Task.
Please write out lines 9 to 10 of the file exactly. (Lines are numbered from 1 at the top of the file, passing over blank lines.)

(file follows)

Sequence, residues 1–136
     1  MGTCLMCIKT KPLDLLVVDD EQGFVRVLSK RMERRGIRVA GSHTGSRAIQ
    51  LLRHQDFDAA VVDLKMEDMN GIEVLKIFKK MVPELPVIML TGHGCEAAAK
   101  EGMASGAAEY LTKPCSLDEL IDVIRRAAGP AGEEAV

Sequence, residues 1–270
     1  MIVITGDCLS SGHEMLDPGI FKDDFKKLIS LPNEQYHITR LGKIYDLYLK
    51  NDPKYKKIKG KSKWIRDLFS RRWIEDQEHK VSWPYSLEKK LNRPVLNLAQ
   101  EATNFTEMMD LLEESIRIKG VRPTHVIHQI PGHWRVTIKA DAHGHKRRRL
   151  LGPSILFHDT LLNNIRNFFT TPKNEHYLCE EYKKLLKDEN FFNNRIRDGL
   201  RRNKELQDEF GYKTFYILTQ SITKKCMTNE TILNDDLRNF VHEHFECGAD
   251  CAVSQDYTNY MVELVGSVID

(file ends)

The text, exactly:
   151  LGPSILFHDT LLNNIRNFFT TPKNEHYLCE EYKKLLKDEN FFNNRIRDGL
   201  RRNKELQDEF GYKTFYILTQ SITKKCMTNE TILNDDLRNF VHEHFECGAD